## What Is the Sharpe Ratio?

A Sharpe Ratio measures the performance of an asset relative to its volatility. It compares the returns of an asset against the returns of a benchmark index (such as the S&P 500) without considering any fees or costs associated with investing. This was developed by Nobel Prize-winning economist William F. Sharpe. This was widely seen as a new version of the CAPM. In general, a higher Sharpe Ratio indicates good risk-adjusted returns.

## Sharpe Ratio Formula and Calculation

The Sharpe Ratio is a measure of the excess return (or risk-adjusted return) of an investment compared to a risk-free asset, such as a Treasury bill. It is calculated as the average return earned in excess of the risk-free rate per unit of volatility or total risk.

Formula:

Sharpe Ratio = (Rp – Rf) / σp

Where:

Rp = the average return of the portfolio

Rf = the risk-free rate of return

σp = standard deviation of the portfolio’s excess returns

## What are Some Sharpe Ratios for Large Companies?

As of 2020, here are the Sharpe Ratios for several large public companies:

1. Apple Inc. (AAPL) had a Sharpe Ratio of 0.31

2. Microsoft Corp. (MSFT) had a Sharpe Ratio of 0.53

3. JPMorgan Chase & Co. (JPM) had a Sharpe Ratio of 0.45

4. Amazon.com Inc. (AMZN) had a Sharpe Ratio of 0.89

## What Does the Sharpe Ratio Tell?

The Sharpe Ratio is a measure of risk-adjusted performance. It compares an investment’s return relative to the risk-free rate of return, taking into account its volatility. The higher the Sharpe Ratio, the better the investment’s return is relative to its risk. This can help investors determine whether an investment is a good choice for their portfolio.

The relationship between risks and returns is an important concept in finance. It measures how much return people earn for every additional dollar they invest.

## How to Use Sharpe Ratio

You use the Sharpe Ratio as a tool to measure the performance of an investment portfolio relative to its unit of risk.

It is calculated by taking the normal investment return of the portfolio and subtracting the risk-free rate of return. The next step is to divide by the standard deviation of the portfolio returns.

To use the strategy to weigh future performance, investors begin by calculating the returns of their portfolio over a certain period of time. One investment performance calculation to consider selecting is an annual return.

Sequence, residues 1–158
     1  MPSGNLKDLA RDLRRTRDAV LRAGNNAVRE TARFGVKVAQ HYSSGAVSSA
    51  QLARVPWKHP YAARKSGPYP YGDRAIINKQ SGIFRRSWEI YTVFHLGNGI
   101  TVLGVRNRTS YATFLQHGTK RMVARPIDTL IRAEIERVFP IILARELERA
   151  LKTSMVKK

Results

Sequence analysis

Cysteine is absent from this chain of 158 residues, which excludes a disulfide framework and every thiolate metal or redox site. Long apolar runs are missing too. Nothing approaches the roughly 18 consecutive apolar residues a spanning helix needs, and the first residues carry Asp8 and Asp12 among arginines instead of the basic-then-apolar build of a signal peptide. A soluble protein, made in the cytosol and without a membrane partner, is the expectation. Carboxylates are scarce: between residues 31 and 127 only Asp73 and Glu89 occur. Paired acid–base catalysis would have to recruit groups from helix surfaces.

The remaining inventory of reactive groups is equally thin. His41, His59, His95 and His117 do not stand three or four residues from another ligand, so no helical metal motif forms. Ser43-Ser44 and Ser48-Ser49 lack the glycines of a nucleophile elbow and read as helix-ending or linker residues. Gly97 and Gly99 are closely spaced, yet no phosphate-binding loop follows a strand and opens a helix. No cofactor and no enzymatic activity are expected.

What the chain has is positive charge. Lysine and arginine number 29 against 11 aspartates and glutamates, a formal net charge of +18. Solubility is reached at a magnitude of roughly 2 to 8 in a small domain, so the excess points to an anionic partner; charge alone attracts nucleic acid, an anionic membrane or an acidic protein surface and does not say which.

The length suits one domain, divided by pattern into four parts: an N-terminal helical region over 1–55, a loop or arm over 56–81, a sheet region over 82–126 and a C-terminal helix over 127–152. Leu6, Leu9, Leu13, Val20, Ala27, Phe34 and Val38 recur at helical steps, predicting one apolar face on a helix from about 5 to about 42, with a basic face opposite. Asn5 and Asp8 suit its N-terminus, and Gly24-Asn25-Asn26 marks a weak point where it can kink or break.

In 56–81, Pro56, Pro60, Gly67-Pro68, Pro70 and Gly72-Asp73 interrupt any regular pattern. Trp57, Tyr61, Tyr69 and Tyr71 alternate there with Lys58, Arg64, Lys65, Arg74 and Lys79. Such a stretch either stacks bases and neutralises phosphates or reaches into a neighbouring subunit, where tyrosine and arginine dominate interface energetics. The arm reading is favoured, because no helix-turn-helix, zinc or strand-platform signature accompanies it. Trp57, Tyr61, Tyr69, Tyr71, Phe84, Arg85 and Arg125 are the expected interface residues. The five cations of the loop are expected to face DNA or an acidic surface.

Using this initial calculation, the investor then determines the risk-free rate of return, which is typically the rate of return on a government bond or other equivalent investment. And finally, calculate the standard deviation of the portfolio returns.

Once these three values are determined, the Sharpe Ratio can compute asset returns by dividing the average return of the portfolio minus the risk-free rate of return by the standard deviation of the portfolio returns. The higher the Sharpe Ratio, the better the performance of the portfolio relative to its risk.

## Benchmark of a Good Sharpe Ratio

In general, a higher Sharpe Ratio indicates a better risk-adjusted return. As a benchmark, a Sharpe Ratio of 1.0 or higher is considered good. While there is no definitive answer as to what represents a “good” Sharpe Ratio, a ratio of 1.5 or higher is generally considered to be excellent, and a ratio of 0.5 or lower is generally considered to be sub-par.

## Shortcomings of The Sharpe Ratio

While the Sharpe Ratio is seen as a strong metric to compare investments, there are some shortcomings in using this. Some of those include:

1. It is not a measure of absolute performance. The Sharpe Ratio is a risk-adjusted measure of return and does not take into account the total return of an investment. For example, an investment that produces a higher Sharpe Ratio, but lower returns, is not necessarily a better investment.

2. It is not a measure of risk. The Sharpe Ratio does not measure the risk of an investment. It is a measure of the return on the risk taken but does not measure the actual risk taken. This can be a point of confusion for new investors.

3. It assumes a normal distribution of monthly returns. This formula assumes that the returns of investment follow a normal (or Gaussian) distribution. In reality, many investments do not follow such a distribution.

4. It does not account for all sources of risk. For example, it does not take into account the risk of default or the risk of a sudden market crash.

## FAQ

**What does Sharpe Ratio tell you?**

The Sharpe ratio is a useful tool for investors to assess the performance of their portfolios relative to the amount of risk taken on. It also helps investors compare different opportunities and decide which one is the most attractive for investments with positive returns. Additionally, the Sharpe ratio can be used to identify potential areas of improvement in a portfolio. For example, if the Sharpe ratio of a portfolio is low, it may indicate that the portfolio is taking on too much risk for the returns it is generating.

**What does a Sharpe Ratio of 0.5 mean?**

A Sharpe ratio of 0.5 indicates that the return on the investment is approximately half the volatility or risk of the investment. This is considered a relatively low risk/reward ratio and may be suitable for conservative investors; however, it is not labeled as “good.”

**Is a higher Sharpe Ratio better? **

Yes, a higher Sharpe ratio generally indicates that an investment has a higher risk-adjusted return. The Sharpe ratio is a measure of risk-adjusted return, and investments with a higher Sharpe ratio are considered to be better investments because they offer higher returns for the same amount of risk.

**When is the Sharpe Ratio wrong?**

While no estimation formula should be relied on for 100% accuracy, studies show that the Sharpe Ratio is less accurate with hedge fund calculations.